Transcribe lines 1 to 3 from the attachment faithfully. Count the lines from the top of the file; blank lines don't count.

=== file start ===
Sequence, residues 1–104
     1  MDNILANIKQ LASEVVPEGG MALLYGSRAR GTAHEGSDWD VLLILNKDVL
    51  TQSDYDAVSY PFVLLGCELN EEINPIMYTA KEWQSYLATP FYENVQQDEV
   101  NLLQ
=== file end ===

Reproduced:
Sequence, residues 1–104
     1  MDNILANIKQ LASEVVPEGG MALLYGSRAR GTAHEGSDWD VLLILNKDVL
    51  TQSDYDAVSY PFVLLGCELN EEINPIMYTA KEWQSYLATP FYENVQQDEV